[30/Oct/2011 19:52:10] "GET /admin/mls/listing/8/ HTTP/1.1" 200 72495
[30/Oct/2011 19:52:10] "GET /admin/jsi18n/ HTTP/1.1" 200 2158
1 Ben Blvd sometown, MN #this is the print of the instance kwarg after the second save
[30/Oct/2011 19:52:12] "POST /admin/mls/listing/8/ HTTP/1.1" 302 0
[30/Oct/2011 19:52:13] "GET /admin/mls/listing/8/ HTTP/1.1" 200 72497
[30/Oct/2011 19:52:13] "GET /admin/jsi18n/ HTTP/1.1" 200 2158
share|improve this question
Are you sure the post_save signal is attached to the saving of the Buildling, and not the Room? Can you post your signals and where you register the signals? If the signal fires after the Building is saved then there is no reason why you shouldn't be able to see the id (unless you saved with commit=False in which case I"m not sure whether the signal fires at all?) –  Timmy O'Mahony Oct 31 '11 at 0:48
I am pretty sure the post save is attached to the correct model as I have sender set, and also get the expected output after saving a second time immediately after the first. Signals/registering decorators and related model code has been included in an edit. No commit=False. As referenced by the included output the signals are firing. Thanks for your help, my mind is boggled...hopefully I'm doing something obvious. –  wilbbe01 Oct 31 '11 at 1:21

2 Answers 2

up vote 1 down vote accepted

Ok, so the problem looks like it is because of the manytomany relationship you are using. Have a look at these post:

save with many-to-many relationship in django problem

Issue with ManyToMany Relationships not updating inmediatly after save

I'd consider refactoring you code to change the relationship between a building and it's rooms. At the moment you are saying 'there are many rooms and a building can associate itself with a number of those rooms'. Furthermore, two buildings can be associated with the same room. This doesn't really make sense. Really a room should be associated with one and only one buildling, i.e.

class Building(models.Model):
    name = models.CharField(...)

class Room(models.Model):
    building = models.ForeignKey(Building, unique=True)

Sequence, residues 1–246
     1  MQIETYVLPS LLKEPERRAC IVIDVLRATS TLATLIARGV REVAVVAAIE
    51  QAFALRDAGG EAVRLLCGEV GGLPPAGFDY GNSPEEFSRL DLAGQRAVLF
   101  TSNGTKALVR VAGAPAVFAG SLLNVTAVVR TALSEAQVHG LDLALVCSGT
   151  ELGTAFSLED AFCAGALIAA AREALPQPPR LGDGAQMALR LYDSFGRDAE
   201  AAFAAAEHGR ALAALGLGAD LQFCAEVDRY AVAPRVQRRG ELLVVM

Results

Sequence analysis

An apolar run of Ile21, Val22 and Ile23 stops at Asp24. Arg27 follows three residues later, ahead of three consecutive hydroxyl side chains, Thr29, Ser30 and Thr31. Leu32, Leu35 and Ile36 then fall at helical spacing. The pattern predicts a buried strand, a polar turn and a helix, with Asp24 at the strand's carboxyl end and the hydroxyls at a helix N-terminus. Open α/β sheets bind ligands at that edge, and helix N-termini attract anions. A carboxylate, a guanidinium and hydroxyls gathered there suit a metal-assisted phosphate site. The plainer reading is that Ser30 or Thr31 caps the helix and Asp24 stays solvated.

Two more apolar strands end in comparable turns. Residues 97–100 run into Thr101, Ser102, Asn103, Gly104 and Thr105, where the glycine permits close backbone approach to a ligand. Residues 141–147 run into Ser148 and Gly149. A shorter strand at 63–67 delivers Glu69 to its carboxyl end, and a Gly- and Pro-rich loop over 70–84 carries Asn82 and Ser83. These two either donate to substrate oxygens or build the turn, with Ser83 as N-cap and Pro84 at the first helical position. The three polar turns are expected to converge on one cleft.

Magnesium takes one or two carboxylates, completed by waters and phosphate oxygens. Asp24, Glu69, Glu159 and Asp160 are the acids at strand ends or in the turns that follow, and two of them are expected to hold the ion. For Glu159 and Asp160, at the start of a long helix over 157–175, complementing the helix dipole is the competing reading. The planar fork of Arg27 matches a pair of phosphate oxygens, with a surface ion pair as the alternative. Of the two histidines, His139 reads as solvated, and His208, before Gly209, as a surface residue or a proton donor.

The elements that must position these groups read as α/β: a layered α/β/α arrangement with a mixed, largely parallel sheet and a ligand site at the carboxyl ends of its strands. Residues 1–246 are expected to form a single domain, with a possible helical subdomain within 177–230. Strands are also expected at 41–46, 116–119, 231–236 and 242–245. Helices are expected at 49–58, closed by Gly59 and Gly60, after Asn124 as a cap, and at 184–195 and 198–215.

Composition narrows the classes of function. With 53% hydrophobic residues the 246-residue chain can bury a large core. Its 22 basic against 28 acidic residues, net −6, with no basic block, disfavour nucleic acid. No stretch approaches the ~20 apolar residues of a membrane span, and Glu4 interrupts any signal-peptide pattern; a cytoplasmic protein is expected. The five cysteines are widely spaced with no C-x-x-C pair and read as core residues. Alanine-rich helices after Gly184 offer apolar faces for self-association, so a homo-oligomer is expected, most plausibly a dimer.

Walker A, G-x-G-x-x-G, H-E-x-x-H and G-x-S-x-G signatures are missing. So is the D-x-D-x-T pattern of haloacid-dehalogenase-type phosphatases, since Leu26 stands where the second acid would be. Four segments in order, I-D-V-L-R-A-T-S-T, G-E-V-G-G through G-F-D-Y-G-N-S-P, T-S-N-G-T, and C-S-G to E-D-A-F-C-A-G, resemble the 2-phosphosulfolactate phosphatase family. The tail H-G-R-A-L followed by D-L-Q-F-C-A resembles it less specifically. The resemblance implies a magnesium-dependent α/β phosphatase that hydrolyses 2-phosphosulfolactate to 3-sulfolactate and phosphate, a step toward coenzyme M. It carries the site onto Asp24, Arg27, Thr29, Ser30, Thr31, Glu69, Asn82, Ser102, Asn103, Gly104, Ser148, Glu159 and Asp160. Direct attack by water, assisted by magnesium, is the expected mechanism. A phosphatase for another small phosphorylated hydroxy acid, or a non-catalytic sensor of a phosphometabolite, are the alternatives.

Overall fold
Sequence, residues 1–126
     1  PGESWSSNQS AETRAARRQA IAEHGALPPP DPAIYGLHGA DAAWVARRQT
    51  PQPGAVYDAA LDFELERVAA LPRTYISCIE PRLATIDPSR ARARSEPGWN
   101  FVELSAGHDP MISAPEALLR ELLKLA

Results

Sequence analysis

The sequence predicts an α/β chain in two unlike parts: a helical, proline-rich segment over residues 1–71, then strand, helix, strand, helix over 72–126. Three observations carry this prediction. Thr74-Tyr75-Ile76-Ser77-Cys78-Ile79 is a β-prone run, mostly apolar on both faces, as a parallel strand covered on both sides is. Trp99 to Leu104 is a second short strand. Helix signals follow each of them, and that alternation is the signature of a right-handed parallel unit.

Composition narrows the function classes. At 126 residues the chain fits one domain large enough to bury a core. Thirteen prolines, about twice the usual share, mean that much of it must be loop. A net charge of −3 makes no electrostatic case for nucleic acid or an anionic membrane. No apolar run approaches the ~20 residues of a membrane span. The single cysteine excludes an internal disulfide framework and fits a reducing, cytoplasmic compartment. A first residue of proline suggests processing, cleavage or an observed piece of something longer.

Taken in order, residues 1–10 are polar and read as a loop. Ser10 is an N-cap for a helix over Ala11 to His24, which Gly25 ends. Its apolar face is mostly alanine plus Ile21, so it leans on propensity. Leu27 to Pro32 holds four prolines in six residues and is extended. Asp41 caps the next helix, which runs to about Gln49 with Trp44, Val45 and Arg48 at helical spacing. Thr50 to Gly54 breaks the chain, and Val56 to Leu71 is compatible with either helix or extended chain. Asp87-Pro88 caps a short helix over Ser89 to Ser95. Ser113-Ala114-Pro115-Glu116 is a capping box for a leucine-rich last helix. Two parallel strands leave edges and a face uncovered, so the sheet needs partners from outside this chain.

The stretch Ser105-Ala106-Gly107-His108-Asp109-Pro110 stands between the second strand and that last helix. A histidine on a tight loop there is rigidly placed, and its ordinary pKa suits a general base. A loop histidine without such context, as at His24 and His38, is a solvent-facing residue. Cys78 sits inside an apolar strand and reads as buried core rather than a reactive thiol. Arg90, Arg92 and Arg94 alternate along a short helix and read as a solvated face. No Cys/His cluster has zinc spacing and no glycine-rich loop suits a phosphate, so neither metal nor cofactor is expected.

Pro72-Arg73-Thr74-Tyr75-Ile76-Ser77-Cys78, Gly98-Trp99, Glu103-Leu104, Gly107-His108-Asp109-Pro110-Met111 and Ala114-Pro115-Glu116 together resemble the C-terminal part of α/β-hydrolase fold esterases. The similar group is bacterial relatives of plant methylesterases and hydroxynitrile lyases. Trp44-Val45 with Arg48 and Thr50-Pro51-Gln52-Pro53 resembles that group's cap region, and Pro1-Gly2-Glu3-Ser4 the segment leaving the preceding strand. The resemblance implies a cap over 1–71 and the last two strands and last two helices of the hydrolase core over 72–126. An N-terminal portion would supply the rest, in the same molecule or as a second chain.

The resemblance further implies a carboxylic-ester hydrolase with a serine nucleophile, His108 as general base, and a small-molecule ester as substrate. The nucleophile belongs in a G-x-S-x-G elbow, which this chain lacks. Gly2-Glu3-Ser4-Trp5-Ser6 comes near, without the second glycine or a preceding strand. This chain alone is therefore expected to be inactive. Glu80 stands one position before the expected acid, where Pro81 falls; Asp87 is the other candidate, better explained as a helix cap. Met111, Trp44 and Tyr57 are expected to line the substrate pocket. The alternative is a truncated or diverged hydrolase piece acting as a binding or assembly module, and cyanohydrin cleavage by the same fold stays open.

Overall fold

this means that any room can only be linked to one particular building.

share|improve this answer
Thanks. Completely with you on the Foreignkey instead of manytomany idea. I think what has pushed us to using manytomany is our use of the through/manytomany models. Right now we have Inlines for the through tables (ie Building_Room). We're doing it this way for purposes of solving the lack of a nested inline. Clicking our "edit" on a building_inline brings up the building admin display for that referenced building. For now until we can find out a better solution more along your recommendations we might try post_save on the through tables themselves. Trying that soon. Thanks for your help. –  wilbbe01 Oct 31 '11 at 3:43
I feel your plight! You should be careful to not (like I have) fall into the trap of designing your DB and business logic based on the functionality of the django-admin - these limitations are usually due to the frontend code and bending your backend design to to make life easier can sometimes cause problems. –  Timmy O'Mahony Oct 31 '11 at 9:50
Yeah, exactly what I have been thinking. It was a bit backwards of that here though (poorly designed models --> admin built on those --> unable to change easily now). Initially we thought we did want m2m for some reason (no clue why), then we built the admin. So our admin is relying on our incorrectly designed database too much to fix it at this time. Thanks again for your help and suggestions. –  wilbbe01 Oct 31 '11 at 14:50

First, pastylegs is right and his answer is better. But if for some reason (like me right now) are unable to change code due to whatever reason and find yourself in the post_save model instance nonexistent problems like we have found ourselves in the past few days the following idea may be of assistance.

In our case the manytomany through table was sufficient enough for the post_save. By attaching the post save signal to the through table itself we were basically able to catch all cases we needed to do post_saving for, and being as the ids to the two connected tables for the manytomany relationship existed in the through table this was sufficient to get the job done. So if you find yourself here for similar reasons, can you attach the post_save to a through table instead?

Again, pastylegs is right, but if you cannot do the same for whatever reason I hope this is helpful.

share|improve this answer